Controversial Ideas 2021, 1(1), 10; doi: 10.35995/jci01010010
Punishment and the Body
1 Honorary Fellow, Department of Philosophy, University of York;
* Author to whom correspondence should be addressed.
Received: 23 Feb 2021 / Revised: 15 Apr 2021 / Accepted: 21 Mar 2021 / Published: 25 Apr 2021
Suppose we accept that punishment can be legitimate. What form should it take? Many of us believe that it can be acceptable to fine or imprison someone, but that capital punishment, along with corporal punishment in its various manifestations, is wholly unacceptable. I suggest that it is hard to account for or justify this distinction. But granting that resistance to these latter forms is unlikely to be dislodged, and granting too that imprisonment in particular is hardly problem-free, it is worth considering whether there might be alternatives. And I argue here that we should consider enforced coma as a procedure having many advantages over the more familiar methods of delivering a penalty. Of course, there are disadvantages also. The aim isn’t to offer a detailed and practical solution to the problem of crime, but to explore some of the presumptions and principles involved in our thinking about punishment.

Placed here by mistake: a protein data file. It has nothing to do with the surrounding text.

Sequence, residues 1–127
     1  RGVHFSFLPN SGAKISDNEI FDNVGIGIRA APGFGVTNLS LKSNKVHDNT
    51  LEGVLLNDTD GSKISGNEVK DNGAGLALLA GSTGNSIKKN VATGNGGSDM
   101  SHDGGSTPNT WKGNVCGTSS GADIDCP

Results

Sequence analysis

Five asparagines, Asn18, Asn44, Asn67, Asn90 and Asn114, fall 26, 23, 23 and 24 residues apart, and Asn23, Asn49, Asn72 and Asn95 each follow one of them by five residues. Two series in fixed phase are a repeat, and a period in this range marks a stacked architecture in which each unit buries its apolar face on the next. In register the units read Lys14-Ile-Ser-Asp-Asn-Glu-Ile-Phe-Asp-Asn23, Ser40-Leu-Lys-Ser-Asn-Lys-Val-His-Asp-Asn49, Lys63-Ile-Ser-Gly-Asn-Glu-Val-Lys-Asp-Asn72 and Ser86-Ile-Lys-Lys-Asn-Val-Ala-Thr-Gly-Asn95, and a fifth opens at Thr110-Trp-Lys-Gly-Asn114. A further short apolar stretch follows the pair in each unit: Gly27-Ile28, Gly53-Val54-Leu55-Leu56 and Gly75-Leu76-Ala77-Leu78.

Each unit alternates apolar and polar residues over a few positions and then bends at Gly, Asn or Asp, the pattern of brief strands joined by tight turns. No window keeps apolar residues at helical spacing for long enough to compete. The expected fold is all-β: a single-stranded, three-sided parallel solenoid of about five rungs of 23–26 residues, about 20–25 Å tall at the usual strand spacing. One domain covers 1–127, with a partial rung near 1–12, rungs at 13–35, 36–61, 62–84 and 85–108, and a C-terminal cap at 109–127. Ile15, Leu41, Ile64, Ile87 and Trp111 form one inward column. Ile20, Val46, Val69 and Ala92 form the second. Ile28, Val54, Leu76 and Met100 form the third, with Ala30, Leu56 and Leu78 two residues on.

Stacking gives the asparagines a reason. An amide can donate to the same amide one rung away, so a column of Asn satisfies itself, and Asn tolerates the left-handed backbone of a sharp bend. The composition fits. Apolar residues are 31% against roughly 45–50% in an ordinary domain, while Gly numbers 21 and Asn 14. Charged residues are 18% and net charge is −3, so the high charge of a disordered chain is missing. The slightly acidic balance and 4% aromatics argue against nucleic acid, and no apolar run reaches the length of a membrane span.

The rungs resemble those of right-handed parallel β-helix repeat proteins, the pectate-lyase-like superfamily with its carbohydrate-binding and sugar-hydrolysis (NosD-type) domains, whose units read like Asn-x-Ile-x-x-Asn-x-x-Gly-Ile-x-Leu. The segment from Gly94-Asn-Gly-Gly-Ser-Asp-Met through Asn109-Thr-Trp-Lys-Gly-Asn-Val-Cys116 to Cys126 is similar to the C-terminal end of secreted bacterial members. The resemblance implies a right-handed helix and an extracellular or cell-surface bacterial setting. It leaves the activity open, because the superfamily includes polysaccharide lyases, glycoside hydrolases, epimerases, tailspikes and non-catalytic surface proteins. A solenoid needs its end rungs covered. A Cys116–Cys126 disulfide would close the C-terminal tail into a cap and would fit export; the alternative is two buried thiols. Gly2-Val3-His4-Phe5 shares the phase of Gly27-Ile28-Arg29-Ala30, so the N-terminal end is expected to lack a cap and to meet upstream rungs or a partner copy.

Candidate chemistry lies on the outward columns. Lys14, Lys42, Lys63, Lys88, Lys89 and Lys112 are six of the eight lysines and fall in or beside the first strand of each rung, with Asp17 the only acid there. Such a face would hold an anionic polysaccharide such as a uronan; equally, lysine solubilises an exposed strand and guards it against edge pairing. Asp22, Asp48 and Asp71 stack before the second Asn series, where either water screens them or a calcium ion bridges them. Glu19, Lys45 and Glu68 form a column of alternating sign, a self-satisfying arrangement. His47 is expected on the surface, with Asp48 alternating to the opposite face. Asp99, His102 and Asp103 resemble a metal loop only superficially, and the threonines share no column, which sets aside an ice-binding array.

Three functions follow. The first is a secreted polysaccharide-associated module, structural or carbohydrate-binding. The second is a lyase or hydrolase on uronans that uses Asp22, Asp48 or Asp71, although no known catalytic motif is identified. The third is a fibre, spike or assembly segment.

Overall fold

Keywords: punishment; crime; capital punishment; death penalty; coma
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Belshaw, C. Punishment and the Body. Controversial_Ideas 2021, 1, 10.
Belshaw C. Punishment and the Body. Journal of Controversial Ideas. 2021; 1(1):10.
Belshaw, Christopher. 2021. "Punishment and the Body." Controversial_Ideas 1, no. 1: 10.